While it’s possible to increase headstay tension by simply tightening the headstay or backstay turnbuckle, this is not something you’d want to do under sail. And when turnbuckles have been tensioned in this fashion, all too often crews forget to loosen them again, leaving the rig over tensioned for extended times. This puts the hull and deck, the mast, and the standing rigging under constant—and unnecessary—stress. On a masthead rig, a backstay adjuster allows you to increase headstay tension when sailing, and to release tension when it’s not needed. It will improve furling-system performance, and allows you to bend the mast aft if you have a fractional rig. This helps flatten the mainsail, often allowing you to postpone reefing, and reduces heeling. Tensioning the backstay, however, won’t increase headstay tension on a typical modern fractional rig with aft-swept spreaders; this is controlled via tension in the cap shrouds, which often induces some pre-bend in the mast.

Choosing an adjuster
Backstay adjusters are either hydraulic or mechanical. Hydraulic adjusters consist of a hydraulic cylinder fitted between the backstay and its chainplate. Integral adjusters have a pump incorporated into the bottom of this cylinder, while other types (typically found only on high-end raceboats) have a remote hydraulic-pump panel connected to the cylinder with a high-pressure hose. The load-multiplying capabilities of a hydraulic system allow you to exert several thousand pounds of pressure on the backstay.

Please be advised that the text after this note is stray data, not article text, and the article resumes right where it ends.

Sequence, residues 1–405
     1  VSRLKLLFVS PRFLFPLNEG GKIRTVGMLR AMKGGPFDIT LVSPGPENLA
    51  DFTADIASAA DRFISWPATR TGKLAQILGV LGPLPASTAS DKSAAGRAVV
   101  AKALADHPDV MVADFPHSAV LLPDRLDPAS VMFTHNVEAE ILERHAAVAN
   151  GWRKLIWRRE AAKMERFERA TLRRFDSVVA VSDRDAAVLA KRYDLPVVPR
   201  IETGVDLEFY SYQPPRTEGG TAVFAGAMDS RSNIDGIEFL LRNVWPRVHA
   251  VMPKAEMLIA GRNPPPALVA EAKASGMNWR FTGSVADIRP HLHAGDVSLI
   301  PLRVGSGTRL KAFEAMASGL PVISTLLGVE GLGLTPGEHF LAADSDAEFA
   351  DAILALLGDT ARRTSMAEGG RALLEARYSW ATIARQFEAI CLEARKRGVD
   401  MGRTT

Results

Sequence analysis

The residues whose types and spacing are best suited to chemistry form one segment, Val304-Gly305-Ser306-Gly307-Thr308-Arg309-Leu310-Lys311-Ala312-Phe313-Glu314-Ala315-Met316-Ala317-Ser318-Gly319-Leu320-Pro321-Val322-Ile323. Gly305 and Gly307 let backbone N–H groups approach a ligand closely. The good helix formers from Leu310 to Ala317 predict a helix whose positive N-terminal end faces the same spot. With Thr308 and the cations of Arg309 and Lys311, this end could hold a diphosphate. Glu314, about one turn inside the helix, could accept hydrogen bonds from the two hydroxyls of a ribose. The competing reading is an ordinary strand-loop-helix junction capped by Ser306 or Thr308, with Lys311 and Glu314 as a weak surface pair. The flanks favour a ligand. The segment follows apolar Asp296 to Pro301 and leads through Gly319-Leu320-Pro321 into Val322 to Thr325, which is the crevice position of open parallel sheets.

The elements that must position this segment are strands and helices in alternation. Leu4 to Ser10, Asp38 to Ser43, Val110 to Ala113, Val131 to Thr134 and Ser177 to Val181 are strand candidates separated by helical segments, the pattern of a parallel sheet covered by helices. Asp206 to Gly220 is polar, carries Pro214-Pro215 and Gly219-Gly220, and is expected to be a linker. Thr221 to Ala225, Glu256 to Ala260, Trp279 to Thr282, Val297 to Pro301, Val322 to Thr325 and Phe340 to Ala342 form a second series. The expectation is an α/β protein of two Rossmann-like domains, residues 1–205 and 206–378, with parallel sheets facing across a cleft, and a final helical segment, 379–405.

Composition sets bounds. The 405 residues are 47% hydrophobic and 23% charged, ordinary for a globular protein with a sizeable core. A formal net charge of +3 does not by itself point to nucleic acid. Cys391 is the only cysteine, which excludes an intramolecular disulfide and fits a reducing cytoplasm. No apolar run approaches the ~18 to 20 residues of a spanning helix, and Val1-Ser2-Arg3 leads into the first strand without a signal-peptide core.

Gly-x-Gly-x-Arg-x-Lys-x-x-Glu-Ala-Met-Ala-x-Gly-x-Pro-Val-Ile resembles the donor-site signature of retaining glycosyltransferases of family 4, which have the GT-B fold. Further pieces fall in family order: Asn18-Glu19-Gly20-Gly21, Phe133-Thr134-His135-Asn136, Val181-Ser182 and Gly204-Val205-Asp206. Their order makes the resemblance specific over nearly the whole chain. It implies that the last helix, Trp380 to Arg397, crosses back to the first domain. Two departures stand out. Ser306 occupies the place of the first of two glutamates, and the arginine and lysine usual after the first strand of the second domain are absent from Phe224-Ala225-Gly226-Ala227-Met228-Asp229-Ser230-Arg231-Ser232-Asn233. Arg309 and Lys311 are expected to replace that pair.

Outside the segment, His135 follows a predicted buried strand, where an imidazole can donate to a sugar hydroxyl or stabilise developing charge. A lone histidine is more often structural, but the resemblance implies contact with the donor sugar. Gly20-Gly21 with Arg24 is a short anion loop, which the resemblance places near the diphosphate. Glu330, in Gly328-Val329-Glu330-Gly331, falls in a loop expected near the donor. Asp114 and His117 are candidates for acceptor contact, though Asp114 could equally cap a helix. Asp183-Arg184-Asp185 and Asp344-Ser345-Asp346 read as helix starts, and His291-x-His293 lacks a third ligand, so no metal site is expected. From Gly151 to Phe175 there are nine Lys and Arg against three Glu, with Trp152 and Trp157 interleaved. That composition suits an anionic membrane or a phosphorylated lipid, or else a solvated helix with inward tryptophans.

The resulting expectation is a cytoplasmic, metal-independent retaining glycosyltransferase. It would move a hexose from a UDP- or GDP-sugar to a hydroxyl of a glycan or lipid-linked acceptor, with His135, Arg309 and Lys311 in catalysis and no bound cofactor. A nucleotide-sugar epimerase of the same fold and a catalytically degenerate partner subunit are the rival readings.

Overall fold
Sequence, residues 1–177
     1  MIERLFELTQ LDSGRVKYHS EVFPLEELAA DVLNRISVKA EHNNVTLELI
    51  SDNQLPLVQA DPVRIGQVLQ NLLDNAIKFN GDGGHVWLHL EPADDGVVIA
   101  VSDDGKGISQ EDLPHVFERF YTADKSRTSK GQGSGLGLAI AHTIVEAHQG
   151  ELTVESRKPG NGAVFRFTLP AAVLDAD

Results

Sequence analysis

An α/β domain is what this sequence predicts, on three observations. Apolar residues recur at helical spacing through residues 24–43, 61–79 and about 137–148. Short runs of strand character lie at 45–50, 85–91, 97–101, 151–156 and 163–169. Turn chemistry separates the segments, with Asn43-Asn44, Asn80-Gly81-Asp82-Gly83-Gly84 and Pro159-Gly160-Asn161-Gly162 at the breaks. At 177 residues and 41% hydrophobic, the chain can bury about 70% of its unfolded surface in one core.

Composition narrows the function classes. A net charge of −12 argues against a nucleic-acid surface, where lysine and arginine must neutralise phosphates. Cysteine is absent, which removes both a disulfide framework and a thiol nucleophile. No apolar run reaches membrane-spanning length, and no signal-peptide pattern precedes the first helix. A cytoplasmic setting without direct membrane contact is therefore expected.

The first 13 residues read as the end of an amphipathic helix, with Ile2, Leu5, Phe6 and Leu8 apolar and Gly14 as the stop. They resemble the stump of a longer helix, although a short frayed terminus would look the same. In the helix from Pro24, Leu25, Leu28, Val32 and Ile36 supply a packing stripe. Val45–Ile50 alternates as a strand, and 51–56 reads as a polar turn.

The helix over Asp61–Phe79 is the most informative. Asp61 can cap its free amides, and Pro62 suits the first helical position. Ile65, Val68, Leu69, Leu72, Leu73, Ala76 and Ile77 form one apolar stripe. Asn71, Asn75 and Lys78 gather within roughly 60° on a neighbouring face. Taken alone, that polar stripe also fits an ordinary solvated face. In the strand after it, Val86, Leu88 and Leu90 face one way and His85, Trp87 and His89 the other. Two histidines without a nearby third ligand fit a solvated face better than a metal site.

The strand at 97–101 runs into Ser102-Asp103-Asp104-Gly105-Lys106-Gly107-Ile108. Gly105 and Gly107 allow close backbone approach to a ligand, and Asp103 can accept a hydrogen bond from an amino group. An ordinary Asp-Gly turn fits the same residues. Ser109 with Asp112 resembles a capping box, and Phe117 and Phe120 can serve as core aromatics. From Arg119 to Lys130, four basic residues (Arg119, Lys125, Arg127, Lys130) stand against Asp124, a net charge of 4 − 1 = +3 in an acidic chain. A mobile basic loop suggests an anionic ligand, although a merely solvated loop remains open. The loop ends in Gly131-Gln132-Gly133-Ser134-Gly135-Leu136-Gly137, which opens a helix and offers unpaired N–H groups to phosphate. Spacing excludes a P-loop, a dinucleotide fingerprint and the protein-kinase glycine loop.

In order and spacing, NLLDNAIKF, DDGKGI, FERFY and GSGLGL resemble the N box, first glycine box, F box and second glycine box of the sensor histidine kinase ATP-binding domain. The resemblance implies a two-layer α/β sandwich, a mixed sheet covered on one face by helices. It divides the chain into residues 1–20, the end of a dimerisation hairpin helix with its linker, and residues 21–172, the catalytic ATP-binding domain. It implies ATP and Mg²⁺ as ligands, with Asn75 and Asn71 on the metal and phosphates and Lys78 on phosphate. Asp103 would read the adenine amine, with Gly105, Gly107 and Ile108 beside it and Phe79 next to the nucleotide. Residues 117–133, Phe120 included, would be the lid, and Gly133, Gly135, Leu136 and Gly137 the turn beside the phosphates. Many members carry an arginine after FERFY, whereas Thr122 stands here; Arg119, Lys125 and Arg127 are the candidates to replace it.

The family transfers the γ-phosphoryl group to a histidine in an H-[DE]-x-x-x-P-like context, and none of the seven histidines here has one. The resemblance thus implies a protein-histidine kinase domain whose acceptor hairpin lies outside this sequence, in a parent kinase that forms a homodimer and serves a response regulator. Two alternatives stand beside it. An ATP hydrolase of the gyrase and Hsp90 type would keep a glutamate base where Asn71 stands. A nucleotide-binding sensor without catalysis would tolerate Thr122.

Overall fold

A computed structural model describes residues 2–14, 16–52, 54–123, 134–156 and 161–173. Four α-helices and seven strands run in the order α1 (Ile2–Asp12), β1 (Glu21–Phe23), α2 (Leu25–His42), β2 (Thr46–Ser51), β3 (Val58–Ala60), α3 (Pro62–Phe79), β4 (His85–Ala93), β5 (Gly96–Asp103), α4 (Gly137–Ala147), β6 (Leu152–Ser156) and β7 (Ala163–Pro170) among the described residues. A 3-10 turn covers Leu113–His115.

Some mechanical backstay adjusters are essentially precision-machined turnbuckles that employ either a winch handle, built-in handles, or an integral wheel to adjust backstay tension. They have high-strength stainless steel and/or silicon-bronze threads or worm gears designed to be adjusted under load without compromising strength. Some have enclosed gears, which can be fully lubricated without the risk of grease coming off on sails, clothing, or the deck.

You might think that simply adding handles to a standard rigging turnbuckle would have the same effect, but the threads on a turnbuckle aren’t designed for repetitive tightening and loosening under load, and so they shouldn’t be used in this manner. Another form of mechanical backstay adjuster is simple tackle arrangements that use purchase, not hydraulic fluid or precision-machined threads, to tighten the backstay.

These systems, which are common on both cruisers and racers, attach to the backstay with a single point of attachment; this single point (usually comprised of high-strength cordage) then multiplies as it travels around and through a series of blocks before terminating at a cam cleat. Tackle systems can either look like a tackle-style boomvang, or they can form a triangle (from the single point of attachment at the masthead down to a block. High-strength cordage attaches at one stern quarter via a padeye, travels up and through the block before turning into a tackle system on the block’s other side, which attaches to a second padeye on the appropriate stern quarter).